Russia Staring Down its First Default Since the Bolshevik Walked Away from Czarist Debts in 1918

The rubber is about to meet the road for Russia with regards to its debt payments this Sunday. The grace period on around $100 million of missed bond payments runs out. Whilst there won’t be an official declaration as given the ostracizing of Russia by most of the world it is largely symbolic. Russia disputes the designation as you would expect. Nevertheless, the bond documents are clear, if investors do not have their money by the deadline, there will be an “event of default” on Monday morning.

The default will have an effect, the official Russian stance will laugh it off, Putin will call on China or for instance, but the noose is tight, and the Russian people are hurting as evidenced by the cost of living there. Russia is in deep financial distress, even though Putin denies it. Inflation is rampant, not that Russia is alone in that but officially their stance is they are not.

Expectations of rising prices reached the highest level on record, according to a Russian central bank survey of more than 13,000 businesses in April. Planting costs for farmers will rise by between 20% and 40%, according to the survey. – WSJ

, which are Investors have expected Russia to default for months. Russian CDS insurance like contracts that cover Russian debt have priced an 80% likelihood of default for weeks, and rating agencies like Standard & Poor’s and Moody’s have placed the country’s debt deep into junk territory.

The sanctions make the default different in many ways. One of these differences is declaring it a default as ratings agencies have sanctions banning them from Russian business. Bondholders could group together to make their own statement, but they may prefer to wait to monitor the war in Ukraine and the level of sanctions as they try to figure out the chance of getting their money back, or at least some at Bloomberg surmised.

The Credit Default Determination Committee, an industry group of banks and investment funds ruled on June 7 that Russia had failed to pay required additional interest after making a payment on a bond after the April 4 due date. In this case the committee put off taking further action due to uncertainty over how sanctions might affect any settlement.

“A declaration of default is a symbolic event,” said Takahide Kiuchi, an economist at Nomura Research Institute in Tokyo. “The Russian government has already lost the opportunity to issue dollar-denominated debt. Already as of now, Russia can’t borrow from most foreign countries.”

Russian Finance Minister Anton Siluanov had this to say; “There is every ground to suggest that in artificially barring the Russian Federation from servicing its foreign sovereign debt, the goal is to apply the label of ‘default’. Anyone can declare whatever they like and can try to apply such a label. But anyone who understands the situation knows that this is in no way a default.”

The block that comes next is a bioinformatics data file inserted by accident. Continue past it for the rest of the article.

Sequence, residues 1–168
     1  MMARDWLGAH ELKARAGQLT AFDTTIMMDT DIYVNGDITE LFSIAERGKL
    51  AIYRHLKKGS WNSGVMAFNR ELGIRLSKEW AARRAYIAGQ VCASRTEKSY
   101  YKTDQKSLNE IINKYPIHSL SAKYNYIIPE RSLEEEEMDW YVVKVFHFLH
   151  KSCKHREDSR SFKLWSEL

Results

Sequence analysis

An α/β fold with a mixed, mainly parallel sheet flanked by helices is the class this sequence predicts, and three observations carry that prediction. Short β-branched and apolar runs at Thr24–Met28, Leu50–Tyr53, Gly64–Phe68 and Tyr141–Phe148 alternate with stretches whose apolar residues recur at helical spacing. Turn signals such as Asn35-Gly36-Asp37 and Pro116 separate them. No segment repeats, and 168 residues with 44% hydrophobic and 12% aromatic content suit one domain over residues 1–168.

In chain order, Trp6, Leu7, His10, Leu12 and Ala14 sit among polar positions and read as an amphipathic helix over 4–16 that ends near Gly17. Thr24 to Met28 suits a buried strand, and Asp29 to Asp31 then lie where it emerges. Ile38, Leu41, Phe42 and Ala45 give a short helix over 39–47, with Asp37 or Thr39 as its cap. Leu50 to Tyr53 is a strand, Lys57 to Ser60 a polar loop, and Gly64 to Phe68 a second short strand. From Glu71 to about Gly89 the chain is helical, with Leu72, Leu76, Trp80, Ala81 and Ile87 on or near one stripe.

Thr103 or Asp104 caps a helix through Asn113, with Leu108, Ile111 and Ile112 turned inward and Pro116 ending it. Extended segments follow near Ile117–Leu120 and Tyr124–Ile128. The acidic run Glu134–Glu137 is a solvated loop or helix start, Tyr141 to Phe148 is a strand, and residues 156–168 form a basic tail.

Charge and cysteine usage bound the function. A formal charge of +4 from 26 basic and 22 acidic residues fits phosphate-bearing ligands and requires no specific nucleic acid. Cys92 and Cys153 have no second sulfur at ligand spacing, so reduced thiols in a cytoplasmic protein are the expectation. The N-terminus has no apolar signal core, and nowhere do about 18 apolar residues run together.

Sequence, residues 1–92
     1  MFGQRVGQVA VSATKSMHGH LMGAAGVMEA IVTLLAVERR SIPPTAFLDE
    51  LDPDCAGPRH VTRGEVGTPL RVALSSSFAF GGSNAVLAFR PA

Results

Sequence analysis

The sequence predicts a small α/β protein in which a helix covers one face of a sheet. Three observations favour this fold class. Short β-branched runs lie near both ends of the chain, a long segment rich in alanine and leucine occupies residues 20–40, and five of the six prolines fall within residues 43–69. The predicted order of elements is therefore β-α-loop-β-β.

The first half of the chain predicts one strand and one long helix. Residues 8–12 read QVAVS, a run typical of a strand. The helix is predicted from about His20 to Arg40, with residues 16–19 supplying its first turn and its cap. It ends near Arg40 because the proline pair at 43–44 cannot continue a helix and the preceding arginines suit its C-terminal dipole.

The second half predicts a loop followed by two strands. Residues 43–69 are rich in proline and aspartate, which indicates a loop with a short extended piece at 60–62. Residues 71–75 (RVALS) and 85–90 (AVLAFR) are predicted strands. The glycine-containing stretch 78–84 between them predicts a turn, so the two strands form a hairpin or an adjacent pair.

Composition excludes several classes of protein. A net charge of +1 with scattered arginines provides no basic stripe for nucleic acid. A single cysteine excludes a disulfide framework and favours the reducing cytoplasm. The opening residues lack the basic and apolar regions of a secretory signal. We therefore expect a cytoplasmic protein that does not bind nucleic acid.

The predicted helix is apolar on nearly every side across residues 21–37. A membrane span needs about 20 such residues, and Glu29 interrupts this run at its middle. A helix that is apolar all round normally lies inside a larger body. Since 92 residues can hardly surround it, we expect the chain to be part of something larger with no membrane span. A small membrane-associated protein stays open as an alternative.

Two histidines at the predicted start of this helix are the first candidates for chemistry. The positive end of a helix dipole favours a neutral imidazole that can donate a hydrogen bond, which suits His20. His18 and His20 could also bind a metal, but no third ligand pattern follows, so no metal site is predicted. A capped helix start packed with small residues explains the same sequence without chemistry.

Meanwhile for Russians the cost-of-living continues to skyrocket. Sugar costs two-thirds more than a year ago, fruit and vegetables costs one-third more, according to government data. Overall, food prices are up by one-fifth, double the increase recorded in the U.S. in April. Pasta costs almost 30% more than it did a year ago, while prices of cereals and beans are up 35%, the data shows.

Overall the prices Russian households pay for the goods and services they consume were 17.8% higher in April than a year earlier, compared with annual inflation rates of 8.3% in the U.S. and 7.4% in the eurozone.

Inflation has stayed high since an initial surge after Russia invaded Ukraine in February, which set off a wave of economic sanctions which brings us to the default. Detergents and cleaning products cost 30% more than in April 2021, while electrical goods and household appliances are 28% more expensive. Russia’s huge oil and gas production means that gasoline prices rose by just 6%.

The impact is harsher on Russian families because a larger share of their household budgets goes to food. According to the U.S. Department of Agriculture, food accounted for nearly 29% of the average Russian household’s spending in 2020, compared with 7.1% in the U.S. and 9.4% in the U.K.

“Many companies still have Western parts and goods in stock. Some will last a few months, some may last a year. But the stocks will run out eventually, and scarcity will drive up prices,” said Janis Kluge, a specialist in the Russian economy at the German Institute for International and Security Affairs.

While the war itself is having devastating consequences in terms of human suffering and higher food and energy prices worldwide, default on government bonds would be “definitely not systemically relevant,” International Monetary Fund Managing Director Kristalina Georgieva has said.

ource: WSJ, Bloomberg

From The TradersCommunity Research Desk